In order to energize the motor, a pushbutton switch 38 is desirably mounted in a convenient position for actuation by the users thumb or forefinger. The switch should be located in a position corresponding to and alined with the cutter teeth of the cutter mechanism 11 in order to serve as an indicator for enabling the user to locate the position of the cutter mechanism 11 relative to the handle 14. If desired, a lock can be provided on the switch 38 to hold it in the closed position for continuous use of the clipper l0.

Provision is made for enhancing the clipping action of the cutter mechanism 11 by insuring that the hairs to be out are raised upwardly for engagement by the cutting teeth 18, 20. To this end a pair of resilient combs 40 are affixed to either side of the cutter mechanism housing 12. These combs comprise a rake-like strip member 41 (Fig. 1) extending parallel to the cutting teeth 18, 2t) and fixed to the upper housing by means of one or more resilient arms 42. The combs 40 are normally held outwardly away from the sloping surfaces 35, 36 of the clipper 10 so as to insure a raking action lifting the hairs as the clipper 10 is moved along the skin or scalp. This action is illustrated in Fig. 5 which shows a clipper 10a adjacent the neck and positioned for a close cut, a clipper 10b adjacent the upper neck and positioned for a medium cut, and a clipper 10c adjacent the scalp and positioned for a relatively long cut.

To obtain a close out at the nape of the neck, the combs are pressed close to the housing by exerting a force on the handle of the clipper. In this position the combs are ahead of and out of the way of the cutter teeth. As the clipper is moved up the neck and rotated so as to obtain the desired tapered effect, the comb is pressed close to the skin by the resilient arms. This holds the hair away from the skin or scalp and in a position where it is readily engaged and cut by the cutting blades as shown at 1% and 100 in Fig. 5.

A novel hair clipper has thus been described with which it is possible to obtain a uniformly and smoothly tapered professional appearing haircut. The handle being a longitudinal extension of the cutter housing makes the clipper extremely maneuverable and it is possible to perform a satisfactory haircut even in difficultly accessible places, such as around the ears and along the back of the users neck. Although an illustrative clipper and cutter mechanism has been shown and described, it should be understood that the invention is not to be limited to the specific mechanical means disclosed. Thus, the cutter mechanism is desirably removable in order to facilitate interchange of blade sizes when finer or coarser cuts are de sired and the movable element is desirably replaceable in the event of wear or damage.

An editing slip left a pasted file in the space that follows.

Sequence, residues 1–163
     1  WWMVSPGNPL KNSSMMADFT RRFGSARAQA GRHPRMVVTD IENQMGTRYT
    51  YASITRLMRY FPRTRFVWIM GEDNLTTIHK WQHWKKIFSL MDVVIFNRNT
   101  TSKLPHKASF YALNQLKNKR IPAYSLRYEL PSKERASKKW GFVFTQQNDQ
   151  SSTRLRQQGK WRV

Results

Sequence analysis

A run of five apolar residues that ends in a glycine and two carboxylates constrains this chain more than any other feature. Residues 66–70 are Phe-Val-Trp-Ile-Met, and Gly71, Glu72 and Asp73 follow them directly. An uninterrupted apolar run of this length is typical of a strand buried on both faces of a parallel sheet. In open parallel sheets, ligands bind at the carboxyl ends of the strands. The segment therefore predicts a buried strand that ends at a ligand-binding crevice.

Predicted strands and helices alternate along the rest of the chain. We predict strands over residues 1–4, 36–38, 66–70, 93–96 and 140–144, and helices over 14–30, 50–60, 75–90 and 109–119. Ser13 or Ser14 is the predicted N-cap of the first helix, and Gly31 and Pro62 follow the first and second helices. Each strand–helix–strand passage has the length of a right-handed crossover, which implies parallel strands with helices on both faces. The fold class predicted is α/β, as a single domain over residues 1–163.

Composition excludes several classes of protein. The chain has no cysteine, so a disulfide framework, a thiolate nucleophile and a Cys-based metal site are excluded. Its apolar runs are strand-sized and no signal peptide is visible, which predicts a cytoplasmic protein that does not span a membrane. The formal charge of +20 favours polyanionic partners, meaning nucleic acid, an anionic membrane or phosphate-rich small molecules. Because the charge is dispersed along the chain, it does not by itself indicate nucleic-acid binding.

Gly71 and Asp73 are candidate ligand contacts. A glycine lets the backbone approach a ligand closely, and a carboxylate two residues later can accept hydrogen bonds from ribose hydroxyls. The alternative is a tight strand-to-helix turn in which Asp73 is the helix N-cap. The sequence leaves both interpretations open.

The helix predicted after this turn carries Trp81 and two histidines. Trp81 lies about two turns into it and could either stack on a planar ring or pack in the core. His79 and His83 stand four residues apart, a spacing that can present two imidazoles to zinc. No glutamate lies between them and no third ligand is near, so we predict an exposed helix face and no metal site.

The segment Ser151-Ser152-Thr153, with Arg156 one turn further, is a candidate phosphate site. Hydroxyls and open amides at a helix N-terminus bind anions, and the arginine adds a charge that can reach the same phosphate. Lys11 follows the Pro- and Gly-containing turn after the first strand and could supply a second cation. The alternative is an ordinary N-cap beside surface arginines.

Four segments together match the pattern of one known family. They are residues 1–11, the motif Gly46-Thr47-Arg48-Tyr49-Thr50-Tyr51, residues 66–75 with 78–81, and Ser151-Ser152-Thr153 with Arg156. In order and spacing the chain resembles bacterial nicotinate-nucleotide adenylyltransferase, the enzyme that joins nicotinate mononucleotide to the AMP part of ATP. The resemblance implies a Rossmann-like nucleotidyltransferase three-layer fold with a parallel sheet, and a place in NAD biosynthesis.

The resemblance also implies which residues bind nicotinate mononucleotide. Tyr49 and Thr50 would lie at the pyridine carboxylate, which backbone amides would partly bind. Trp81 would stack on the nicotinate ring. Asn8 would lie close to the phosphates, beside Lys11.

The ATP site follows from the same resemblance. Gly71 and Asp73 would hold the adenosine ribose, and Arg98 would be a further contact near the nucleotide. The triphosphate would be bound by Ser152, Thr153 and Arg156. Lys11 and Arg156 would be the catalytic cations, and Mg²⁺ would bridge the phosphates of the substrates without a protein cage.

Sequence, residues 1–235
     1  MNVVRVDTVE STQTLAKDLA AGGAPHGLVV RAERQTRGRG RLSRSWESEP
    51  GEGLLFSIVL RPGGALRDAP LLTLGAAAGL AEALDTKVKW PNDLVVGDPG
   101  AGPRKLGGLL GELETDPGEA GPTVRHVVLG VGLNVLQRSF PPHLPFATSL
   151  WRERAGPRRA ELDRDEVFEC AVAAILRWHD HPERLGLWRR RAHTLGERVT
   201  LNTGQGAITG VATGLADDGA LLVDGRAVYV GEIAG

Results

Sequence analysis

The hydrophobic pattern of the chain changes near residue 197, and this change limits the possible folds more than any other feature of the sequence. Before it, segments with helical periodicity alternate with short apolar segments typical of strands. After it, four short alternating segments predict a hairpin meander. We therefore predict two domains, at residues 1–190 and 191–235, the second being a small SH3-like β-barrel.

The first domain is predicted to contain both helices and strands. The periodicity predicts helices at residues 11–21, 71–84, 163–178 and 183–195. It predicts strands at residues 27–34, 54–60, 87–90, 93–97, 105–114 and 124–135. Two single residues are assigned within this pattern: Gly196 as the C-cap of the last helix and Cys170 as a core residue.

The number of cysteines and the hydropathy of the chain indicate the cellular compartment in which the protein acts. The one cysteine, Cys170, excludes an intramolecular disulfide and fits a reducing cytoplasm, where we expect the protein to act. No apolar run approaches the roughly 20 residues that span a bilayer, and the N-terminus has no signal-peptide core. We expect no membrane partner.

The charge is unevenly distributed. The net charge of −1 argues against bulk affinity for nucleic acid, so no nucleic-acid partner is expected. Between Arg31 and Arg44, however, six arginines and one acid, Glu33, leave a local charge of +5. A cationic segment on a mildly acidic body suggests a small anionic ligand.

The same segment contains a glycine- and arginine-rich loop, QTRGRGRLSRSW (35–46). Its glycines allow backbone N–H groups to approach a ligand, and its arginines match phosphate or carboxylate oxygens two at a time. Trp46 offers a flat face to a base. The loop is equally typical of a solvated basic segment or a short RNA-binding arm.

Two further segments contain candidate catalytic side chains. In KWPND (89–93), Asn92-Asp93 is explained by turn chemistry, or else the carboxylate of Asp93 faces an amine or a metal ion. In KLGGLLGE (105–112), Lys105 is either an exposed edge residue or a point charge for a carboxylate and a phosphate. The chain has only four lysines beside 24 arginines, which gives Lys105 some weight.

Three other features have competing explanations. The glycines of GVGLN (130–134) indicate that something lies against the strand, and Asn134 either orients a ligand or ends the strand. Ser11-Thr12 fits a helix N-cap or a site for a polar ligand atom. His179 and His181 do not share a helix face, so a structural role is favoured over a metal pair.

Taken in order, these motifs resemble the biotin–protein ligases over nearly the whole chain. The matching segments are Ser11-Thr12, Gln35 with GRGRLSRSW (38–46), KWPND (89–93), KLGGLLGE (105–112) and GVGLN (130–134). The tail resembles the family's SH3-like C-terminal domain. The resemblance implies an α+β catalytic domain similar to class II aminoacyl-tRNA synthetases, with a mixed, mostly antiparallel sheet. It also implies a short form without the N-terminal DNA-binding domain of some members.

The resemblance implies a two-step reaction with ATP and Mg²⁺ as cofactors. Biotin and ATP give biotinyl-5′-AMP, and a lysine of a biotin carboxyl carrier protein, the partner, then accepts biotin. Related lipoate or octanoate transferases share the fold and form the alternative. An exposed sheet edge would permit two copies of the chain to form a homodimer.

We claim as our invention:

1. A hair clipper for cutting hair on a persons skin or scalp, said clipper comprising, in combination, a tubular housing, a cutter mechanism mounted in one end portion of said housing and having cutter teeth extending radially therefrom, the other end portion of said housing forming a handle, a motor within said handle portion for energizing said cutter mechanism, the peripheral surfaces of said tubular housing adjacent said cutter teeth having a smooth curved slope, said. surfaces serving to support the clipper on the skin or scalp and to cam the blade away from the skin or scalp as the handle is rotated to vary the position of the cutter teeth above the skin or scalp, and a pair of combs resiliently mounted on said housing adjacent said blade and extending parallel to said blade for lifting the hairs and facilitating the cutting thereof, 'whereby the hair is cut into evenly increasing lengths as the clipper is simultaneously rotated to move the cutter teeth away from the skin or scalp and translated in the direction of increasing hair length.